The casting of ceramic objects

The method of producing ceramic objects differs depending on the clay’s properties - its plasticity or liquidity. Throwing clay on a potter’s wheel requires a thick and plastic clay with a mushy consistency.

For slipcasting, the clay used needs to have completely different properties. This process requires a smooth, liquid mass with a milky consistency. This kind of clay is called “slip” and was transported to the casting workshop in large crates. About 60 people were employed in the workshop. They produced objects that could not be made by throwing clay, such as pitchers, coffeepots, washstands, figurines, oval trays, etc. Two narrow railways went through the workshop, where the plaster moulds stood on trolleys.

Plaster moulds absorb water from the slip poured into it. The clay closest to the mould’s walls will therefore start to dry within 10-15 minutes, while the rest of the slip remains liquid.

Skisse som viser hvordan keramiske gjenstander kan støpes i form

Sketch showing how ceramic objects can be slipcast in moulds. From the left – 1: The parts of the plaster mould are bound together and filled with liquid clay. After a while, water is absorbed into the mould and the slip starts to sink. The mould therefore has to be replenished with more slip. 2: When so much water has been absorbed by the mould that the clay starts to solidify, the mould is turned upside-down so that the remaining slip is poured out. 3: When the object is so dry that it is releasable from the mould, the mould is opened and the object removed.

The potter would cut the clay mass with a knife to check if it had reached the desired thickness. When the object’s walls were sufficiently thick, the remaining slip was poured out and returned to its original storage crate. The workers transported the slip in pitchers. When the superfluous slip had been poured out, the plaster mould kept absorbing water. This made the cast object shrink and release from the mould, so that it could be removed. When the object had been removed from the mould, the hole left from the pouring process was sealed and the object smoothed and sanded. After this, a female worker would clean the mould, dry it, and then return it to the workshop to be reused. Slipcasting and the removal of objects from moulds was men’s work. Sealing, smoothing and sanding was women’s work. Women were also tasked with casting handles for cups, pitchers, etc. The handles were cast in two-part moulds. After being cast, the handles were covered with a damp cloth and brought to the potter’s workshop. There, the handles were attached. It was important to make sure that both handle and cup had the right level of moisture. If not, one risked the handle not attaching properly and falling off.

How many times a mould could be used depended on what type of object was being made. If it was for objects to be smoothed, the mould could be used for years. If the mould leaked, the crack could be sealed with a lump of clay. This was not the case for objects to be sanded. The seams became to big and expanded when the object was fired, so that it became ruined.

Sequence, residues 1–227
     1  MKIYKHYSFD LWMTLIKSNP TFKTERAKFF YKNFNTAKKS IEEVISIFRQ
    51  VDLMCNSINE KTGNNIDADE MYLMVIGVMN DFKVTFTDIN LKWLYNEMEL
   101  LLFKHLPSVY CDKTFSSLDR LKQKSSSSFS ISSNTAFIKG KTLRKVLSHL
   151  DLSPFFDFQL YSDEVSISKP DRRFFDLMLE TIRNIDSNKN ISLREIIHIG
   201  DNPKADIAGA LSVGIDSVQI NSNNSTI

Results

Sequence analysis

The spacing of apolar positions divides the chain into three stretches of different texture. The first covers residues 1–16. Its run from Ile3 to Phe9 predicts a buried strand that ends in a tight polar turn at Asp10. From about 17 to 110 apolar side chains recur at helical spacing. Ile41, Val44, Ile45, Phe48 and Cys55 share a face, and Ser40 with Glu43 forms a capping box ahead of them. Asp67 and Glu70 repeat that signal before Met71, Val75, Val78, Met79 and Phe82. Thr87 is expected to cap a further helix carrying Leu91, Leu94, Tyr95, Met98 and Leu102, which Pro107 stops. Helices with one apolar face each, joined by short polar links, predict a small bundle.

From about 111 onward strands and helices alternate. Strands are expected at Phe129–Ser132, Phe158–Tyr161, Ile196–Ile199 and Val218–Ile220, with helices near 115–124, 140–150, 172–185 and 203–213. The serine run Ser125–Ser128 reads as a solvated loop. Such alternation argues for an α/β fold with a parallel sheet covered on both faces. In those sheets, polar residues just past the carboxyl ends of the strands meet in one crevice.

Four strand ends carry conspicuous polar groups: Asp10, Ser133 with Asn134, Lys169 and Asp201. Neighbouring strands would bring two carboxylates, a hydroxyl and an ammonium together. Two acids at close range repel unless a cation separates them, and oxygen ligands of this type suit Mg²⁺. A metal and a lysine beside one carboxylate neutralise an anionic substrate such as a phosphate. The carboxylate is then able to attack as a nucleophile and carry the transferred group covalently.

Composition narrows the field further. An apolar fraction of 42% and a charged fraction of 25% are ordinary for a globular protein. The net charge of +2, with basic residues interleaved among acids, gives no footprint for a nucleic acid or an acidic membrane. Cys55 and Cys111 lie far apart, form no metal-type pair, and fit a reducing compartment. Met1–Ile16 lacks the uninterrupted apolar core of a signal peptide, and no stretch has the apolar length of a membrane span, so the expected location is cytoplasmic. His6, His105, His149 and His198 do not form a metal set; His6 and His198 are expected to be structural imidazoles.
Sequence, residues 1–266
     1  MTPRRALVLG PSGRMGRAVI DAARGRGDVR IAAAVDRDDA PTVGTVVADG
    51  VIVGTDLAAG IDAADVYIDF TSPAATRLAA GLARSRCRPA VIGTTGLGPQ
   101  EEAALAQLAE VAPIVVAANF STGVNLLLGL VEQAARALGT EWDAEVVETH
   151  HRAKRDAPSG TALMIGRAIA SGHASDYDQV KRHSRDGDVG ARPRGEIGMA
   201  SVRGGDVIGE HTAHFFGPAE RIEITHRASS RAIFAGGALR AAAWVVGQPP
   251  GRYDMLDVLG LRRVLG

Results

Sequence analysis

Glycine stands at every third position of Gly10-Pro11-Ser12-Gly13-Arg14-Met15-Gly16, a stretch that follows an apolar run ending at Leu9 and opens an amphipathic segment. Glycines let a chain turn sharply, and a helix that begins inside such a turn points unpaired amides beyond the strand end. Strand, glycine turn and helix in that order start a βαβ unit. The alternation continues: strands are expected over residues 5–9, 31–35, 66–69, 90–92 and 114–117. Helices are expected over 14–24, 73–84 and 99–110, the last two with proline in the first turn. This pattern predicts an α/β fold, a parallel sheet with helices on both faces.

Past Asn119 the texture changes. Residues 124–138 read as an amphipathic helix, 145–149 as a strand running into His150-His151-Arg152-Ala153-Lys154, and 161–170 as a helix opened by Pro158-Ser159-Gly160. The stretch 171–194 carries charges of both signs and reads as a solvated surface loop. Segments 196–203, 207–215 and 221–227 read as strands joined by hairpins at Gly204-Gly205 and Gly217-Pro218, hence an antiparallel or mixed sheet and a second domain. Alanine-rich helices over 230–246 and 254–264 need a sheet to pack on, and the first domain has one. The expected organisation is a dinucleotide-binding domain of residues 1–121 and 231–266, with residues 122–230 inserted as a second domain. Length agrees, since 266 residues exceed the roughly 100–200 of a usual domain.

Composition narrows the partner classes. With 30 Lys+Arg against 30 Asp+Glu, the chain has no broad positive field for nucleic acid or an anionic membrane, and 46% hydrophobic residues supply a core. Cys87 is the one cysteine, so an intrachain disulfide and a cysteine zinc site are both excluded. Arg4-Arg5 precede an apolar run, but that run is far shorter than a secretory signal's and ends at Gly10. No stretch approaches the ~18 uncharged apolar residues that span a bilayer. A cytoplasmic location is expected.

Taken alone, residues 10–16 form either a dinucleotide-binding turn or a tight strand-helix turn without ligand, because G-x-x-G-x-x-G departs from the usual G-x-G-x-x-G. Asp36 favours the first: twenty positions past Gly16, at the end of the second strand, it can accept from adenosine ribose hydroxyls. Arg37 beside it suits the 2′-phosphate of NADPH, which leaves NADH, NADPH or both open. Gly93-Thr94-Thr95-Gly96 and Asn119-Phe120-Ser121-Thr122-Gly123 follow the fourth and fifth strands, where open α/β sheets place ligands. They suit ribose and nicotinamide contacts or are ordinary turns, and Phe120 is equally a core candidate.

The basis of slipcasting is as mentioned plaster’s ability to absorb water. There are two different types of casting moulds, both used at the factory. This is the single and double mould. Single casting is done in a mould with only an outer wall. Double casting is done in a mould with both outer walls and an inner core, where the core is made to reflect the cast object’s inner shape.

When double casting, both the inner and outer shape of the object is decided by the plaster mould. When single casting, the inner form is decided by how long the slip is left to be absorbed by the mould. This makes object thickness vary, and leaves the inside of the object less smooth, often with marks from the slip mass. Double casting produces objects with an even thickness and a smooth surface. This is because water is absorbed from the slip from both sides at once.

A mould is composed of several parts, as a kit. The more complicated the object, the more parts. This is necessary to be able to remove the mould after casting, without damaging the object. A good deal of expert knowledge is thereby required to make moulds with the fewest parts possible. When objects had been removed from their moulds, they were put in crates to be finished. One man was fully employed carrying such crates to the female workers who would smoothen and sand the objects, and controlling their work when they were done.

Each of the women were given a blackboard and a slate pencil. The foreman handed these out in the morning. In the evening, the boards were collected and delivered to the factory manager’s office.

Work in the casting workshop became piecework following the wage agreement of 1935. Hourly wages were set to between 105 and 110 Norwegian øre for men and between 55 and 60 Norwegian øre for women. Several of the work operations required in the casting workshop required a great deal of physical strength. The moulds for toilets and washstands could weigh well above 50 kilos. The potter had to be able to carry these moulds back and forth himself.

When the finished objects were ready to leave the casting workshop, they were transported downstairs by a lift and carried into the drying room.